Gold collapsing. Bitcoin UP.

Tom Zander

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Jun 2, 2016
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Yes, I think that's an accurate understanding.
The idea that we can leave 1 step out of an imaginary implementation is interesting when the implementation is a really bad one.

The one I wrote some time ago actually uses the ordering to more smoothly allow parallel validation. It is much faster than the one suggested by you in your talk.

What is more is that if the ordering is removed then it would be much slower to do parallel validation.

So please take a look at my implementation here;
https://gitlab.com/FloweeTheHub/thehub/blob/master/utxo/Importer.cpp#L181

It is better than the proposed one (even if it were unordered) and it would be hurt by the new transaction ordering.

This is running code, with some benchmarking built in already.

Do you (or the ABC people that published a PDF) have any running code to compare to?
 

cypherdoc

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Aug 26, 2015
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@Tom Zander but isn't the idea that the causal order is checked once, but only once, in the mempool ? Does that not work?
 

Tom Zander

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@cypherdoc

You are very close to the truth, in reality "causal order" is not a property you check, it is the natural result of the design. So you are correct that stuff doesn't end up in the mempool unless its ordered properly. Stuff gets stuck in an orphan cache if the order is not proper.

For blocks this is the same, no software explicitly checks for causal order. The presentation and paper arguing that parallel validation can be done only if we can skip this are wrong in that nobody checks for it in the first place. The fact that you can't spend an output before you created it implies the causal order. No need to write code to check it.

For a more technical reasoning, look at the link above where actual working code is shown.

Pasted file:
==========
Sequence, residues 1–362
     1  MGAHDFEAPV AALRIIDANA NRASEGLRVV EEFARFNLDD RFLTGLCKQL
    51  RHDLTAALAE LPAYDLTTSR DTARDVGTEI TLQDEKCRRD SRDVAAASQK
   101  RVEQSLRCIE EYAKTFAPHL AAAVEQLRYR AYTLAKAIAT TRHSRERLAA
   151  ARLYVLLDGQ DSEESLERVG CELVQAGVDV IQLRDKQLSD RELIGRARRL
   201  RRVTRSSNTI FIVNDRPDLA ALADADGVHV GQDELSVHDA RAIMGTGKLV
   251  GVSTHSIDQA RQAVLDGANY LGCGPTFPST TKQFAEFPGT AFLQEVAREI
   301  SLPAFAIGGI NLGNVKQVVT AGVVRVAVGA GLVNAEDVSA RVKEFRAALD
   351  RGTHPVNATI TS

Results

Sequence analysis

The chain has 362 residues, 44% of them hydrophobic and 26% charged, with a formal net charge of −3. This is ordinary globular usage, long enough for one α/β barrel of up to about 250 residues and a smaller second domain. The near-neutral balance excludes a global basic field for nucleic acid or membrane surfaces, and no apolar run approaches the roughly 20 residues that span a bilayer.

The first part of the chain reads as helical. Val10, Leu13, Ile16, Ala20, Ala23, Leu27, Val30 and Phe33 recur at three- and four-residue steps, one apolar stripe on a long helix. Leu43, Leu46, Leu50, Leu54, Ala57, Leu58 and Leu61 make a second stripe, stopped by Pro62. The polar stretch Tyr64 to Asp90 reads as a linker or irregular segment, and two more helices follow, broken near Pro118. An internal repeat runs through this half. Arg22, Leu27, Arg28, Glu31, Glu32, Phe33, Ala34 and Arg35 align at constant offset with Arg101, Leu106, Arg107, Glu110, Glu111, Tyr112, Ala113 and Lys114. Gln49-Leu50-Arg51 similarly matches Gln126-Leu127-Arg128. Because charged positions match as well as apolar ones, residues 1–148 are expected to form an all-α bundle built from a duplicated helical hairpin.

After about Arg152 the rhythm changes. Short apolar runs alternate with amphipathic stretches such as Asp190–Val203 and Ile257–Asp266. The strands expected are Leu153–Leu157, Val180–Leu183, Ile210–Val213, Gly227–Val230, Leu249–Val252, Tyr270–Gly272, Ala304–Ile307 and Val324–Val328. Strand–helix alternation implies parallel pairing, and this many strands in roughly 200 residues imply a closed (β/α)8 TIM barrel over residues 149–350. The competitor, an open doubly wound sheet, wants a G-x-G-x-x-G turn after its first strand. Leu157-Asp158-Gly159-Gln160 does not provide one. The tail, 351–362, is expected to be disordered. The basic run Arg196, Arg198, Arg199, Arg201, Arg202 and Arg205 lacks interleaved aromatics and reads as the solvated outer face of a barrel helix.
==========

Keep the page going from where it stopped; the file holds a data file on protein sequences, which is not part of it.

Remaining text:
I would love to see the code written by the ABC people where they claim this protocol change is needed to make it fast. Because I want to compare the speed with my implementation which doesn't require any change in protocol.
 
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Mengerian

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@Tom Zander
no software explicitly checks for causal order
Yes, but the validation fails if it's not on causal order. So it seems like the consensus rule was probably an accidental consequence of how it was implemented, not a deliberate design choice.
I would love to see the code written by the ABC people where they claim this protocol change is needed to make it fast.
Firstly, I think it not appropriate to characterize the issue as being specific to "ABC people". There are many people across several projects researching and working on this.

Secondly, I don't know that anyone is claiming it's needed to make it fast now. It's more about laying the groundwork to scale many orders of magnitude in the future.
 

Tom Zander

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> Firstly, I think it not appropriate to characterize the issue as being specific to "ABC people". There are many people across several projects researching and working on this.

Is it not appropriate for whoever it is to show actual running code?

> Secondly, I don't know that anyone is claiming it's needed to make it fast now. It's more about laying the groundwork to scale many orders of magnitude in the future.

Changing core concepts before actually spending (a lot of) time writing and running code is interesting. I'd say it is the definition of premature optimisation.
Every programmer with a few years' experience or education has heard the phrase "premature optimization is the root of all evil." This famous quote by Sir Tony Hoare (popularized by Donald Knuth) has become a best practice among software engineers.

But as you sidestepped my actual question, I'll repeat it here:

can anyone show the code where the protocol change is shown to be required for parallel processing.